This behavior is a far cry from what most people believe. The average person believes that dogs are den animals. However, den animals spend most of their time living in a den. Moles and groundhogs, for example, are den animals. They live in dens beneath the ground.
Dogs, on the other hand, spend up to 95% of their time in the open in the wild. So, dogs aren’t den animals in the way most people believe them to be.
However, this doesn’t mean that dogs don’t have a den instinct. Wild dogs spend their first weeks in a den, where they learn it’s a safe place. They get food, warmth, and the love of their mother in the den. They don’t have to worry about getting lost or predators, until they venture outside.
Sick or injured dogs also den in the wild. This is where they go when they can’t defend themselves, or when they have pups to protect.
Even though they don’t naturally spend the majority of the time in a den, it does provide a sense of safety and comfort. Your domesticated companions share these associations and instincts, which means providing them with a den can be a good idea.
How do I know if my dog’s crate is too small?
If your dog’s crate is too small, they will not enjoy their time in it. It can also cause physical issues, because they can’t move around properly. There are some signs that will tell you that your dog’s crate is too small.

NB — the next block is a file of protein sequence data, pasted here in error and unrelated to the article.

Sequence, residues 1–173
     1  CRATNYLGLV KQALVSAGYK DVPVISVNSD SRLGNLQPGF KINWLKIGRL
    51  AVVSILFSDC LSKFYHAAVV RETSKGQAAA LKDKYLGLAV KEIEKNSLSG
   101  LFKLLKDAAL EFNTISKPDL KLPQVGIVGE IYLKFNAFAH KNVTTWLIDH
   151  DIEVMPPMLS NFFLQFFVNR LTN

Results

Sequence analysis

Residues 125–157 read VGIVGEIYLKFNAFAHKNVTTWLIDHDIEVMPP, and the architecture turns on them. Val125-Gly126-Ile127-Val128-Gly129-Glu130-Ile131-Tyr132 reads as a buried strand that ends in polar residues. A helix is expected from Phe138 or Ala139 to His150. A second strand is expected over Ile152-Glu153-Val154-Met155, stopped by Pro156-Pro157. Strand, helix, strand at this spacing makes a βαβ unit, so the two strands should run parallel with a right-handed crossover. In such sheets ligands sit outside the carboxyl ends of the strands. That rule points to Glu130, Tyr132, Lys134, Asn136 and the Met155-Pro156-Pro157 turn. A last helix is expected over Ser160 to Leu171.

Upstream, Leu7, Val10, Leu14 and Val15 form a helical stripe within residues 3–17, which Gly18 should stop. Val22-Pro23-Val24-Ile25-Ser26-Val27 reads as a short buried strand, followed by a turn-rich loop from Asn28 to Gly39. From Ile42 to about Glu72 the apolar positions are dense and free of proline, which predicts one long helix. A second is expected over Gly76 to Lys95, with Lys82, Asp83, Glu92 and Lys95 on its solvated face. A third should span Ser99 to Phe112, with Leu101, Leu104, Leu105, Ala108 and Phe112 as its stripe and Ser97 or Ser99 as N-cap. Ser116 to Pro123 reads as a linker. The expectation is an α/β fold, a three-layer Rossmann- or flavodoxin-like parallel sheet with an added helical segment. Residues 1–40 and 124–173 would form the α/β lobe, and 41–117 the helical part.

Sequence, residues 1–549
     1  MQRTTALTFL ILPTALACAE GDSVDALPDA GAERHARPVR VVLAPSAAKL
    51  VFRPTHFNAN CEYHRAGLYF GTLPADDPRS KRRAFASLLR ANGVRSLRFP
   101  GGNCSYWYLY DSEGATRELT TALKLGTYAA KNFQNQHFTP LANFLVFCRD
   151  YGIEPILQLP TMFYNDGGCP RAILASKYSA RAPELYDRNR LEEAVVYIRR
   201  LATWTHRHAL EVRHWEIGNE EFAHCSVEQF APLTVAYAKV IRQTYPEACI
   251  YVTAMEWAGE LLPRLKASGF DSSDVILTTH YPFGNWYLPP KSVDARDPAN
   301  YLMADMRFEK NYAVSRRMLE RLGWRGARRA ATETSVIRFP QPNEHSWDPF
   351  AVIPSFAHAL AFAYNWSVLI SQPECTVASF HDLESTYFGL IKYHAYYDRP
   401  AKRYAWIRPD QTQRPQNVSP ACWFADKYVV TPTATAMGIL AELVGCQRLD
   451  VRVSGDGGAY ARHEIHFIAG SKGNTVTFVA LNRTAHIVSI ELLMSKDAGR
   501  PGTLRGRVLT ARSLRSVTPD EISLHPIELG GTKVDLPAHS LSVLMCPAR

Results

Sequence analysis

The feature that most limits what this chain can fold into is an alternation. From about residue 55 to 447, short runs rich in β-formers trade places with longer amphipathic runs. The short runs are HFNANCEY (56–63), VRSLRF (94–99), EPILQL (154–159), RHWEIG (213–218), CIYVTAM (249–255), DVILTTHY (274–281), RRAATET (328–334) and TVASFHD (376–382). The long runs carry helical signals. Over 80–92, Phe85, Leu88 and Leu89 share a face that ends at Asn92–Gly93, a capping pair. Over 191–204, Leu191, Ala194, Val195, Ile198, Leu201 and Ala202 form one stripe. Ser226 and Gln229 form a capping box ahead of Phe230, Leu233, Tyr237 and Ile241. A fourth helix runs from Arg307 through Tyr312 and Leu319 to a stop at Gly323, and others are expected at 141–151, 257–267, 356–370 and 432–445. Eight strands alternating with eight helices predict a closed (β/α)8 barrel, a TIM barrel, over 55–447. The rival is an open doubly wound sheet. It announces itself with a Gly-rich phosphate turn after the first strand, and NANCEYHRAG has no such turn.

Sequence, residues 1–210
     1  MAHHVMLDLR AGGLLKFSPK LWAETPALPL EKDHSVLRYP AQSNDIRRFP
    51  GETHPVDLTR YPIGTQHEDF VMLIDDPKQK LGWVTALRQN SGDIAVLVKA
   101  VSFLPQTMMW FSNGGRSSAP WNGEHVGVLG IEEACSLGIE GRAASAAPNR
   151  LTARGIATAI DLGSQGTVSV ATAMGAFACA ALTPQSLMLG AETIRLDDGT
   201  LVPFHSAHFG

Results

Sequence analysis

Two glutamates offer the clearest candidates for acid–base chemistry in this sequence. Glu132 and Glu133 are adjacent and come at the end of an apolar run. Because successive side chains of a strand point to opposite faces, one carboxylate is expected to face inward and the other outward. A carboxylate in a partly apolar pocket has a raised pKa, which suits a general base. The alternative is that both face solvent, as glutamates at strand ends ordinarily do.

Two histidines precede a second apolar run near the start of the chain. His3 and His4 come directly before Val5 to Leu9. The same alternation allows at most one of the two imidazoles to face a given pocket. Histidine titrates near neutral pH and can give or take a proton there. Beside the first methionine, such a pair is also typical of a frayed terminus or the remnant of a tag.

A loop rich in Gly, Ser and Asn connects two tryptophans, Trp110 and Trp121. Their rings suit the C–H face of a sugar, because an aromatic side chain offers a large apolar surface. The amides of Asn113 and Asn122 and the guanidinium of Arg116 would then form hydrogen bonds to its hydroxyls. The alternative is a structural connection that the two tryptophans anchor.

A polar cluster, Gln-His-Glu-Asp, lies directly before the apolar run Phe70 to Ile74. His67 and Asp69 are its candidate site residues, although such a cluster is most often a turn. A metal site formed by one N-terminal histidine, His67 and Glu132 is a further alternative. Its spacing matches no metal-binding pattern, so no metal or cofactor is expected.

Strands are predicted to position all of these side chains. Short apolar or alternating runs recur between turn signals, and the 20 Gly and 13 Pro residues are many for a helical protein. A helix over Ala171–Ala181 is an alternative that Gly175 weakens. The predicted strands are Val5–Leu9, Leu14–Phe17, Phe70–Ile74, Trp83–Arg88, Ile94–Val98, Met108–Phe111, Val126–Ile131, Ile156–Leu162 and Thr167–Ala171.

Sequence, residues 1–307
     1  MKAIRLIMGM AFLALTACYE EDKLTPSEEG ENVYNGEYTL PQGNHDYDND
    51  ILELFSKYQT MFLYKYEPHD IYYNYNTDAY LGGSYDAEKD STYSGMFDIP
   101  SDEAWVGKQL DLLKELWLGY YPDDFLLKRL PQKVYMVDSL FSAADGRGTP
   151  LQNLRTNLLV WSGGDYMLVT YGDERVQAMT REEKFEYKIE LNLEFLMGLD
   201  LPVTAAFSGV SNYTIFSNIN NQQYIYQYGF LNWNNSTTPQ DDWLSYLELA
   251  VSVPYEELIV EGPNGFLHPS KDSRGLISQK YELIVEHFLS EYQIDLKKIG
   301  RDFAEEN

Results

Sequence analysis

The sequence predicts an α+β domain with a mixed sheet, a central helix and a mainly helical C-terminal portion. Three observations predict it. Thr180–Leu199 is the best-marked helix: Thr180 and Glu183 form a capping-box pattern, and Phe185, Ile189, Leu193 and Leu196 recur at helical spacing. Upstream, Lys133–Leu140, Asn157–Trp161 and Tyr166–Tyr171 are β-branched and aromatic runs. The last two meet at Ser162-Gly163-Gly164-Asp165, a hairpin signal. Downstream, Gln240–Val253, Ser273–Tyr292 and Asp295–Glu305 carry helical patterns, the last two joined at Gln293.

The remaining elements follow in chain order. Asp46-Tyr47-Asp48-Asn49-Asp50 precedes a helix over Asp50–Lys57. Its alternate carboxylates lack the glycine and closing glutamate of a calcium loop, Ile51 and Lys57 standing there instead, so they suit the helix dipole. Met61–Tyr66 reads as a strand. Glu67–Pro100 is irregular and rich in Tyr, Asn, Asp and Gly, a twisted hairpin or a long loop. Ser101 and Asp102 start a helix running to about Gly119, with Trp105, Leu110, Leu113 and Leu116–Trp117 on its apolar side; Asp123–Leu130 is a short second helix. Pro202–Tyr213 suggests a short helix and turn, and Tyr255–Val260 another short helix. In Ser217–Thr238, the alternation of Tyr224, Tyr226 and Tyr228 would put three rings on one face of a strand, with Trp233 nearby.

Your pooch should be able to sit up straight in their crate. Have them sit inside the crate. Check to be sure their head isn’t hitting the top fo the crate, and make sure the dog isn’t hunching down to fit.
Next, perform the turning test. Use a treat to encourage your dog to turn around in their crate a few times. They should be able to turn around fully, without hitting their head or body on the cage.
It’s ok if their tail touches the cage as they turn, but the rest of their body shouldn’t. Look for any signs of discomfort as your pooch is turning, as well as assessing the amount of room they have.
Next, have your dog lay down inside their crate and stretch out their paws. They should be able to do this without bending their paws. Dogs enjoy lying in this position. Would you like your bed to be too small to stretch out when you want to? No. Your dog also needs to be able to relax comfortably.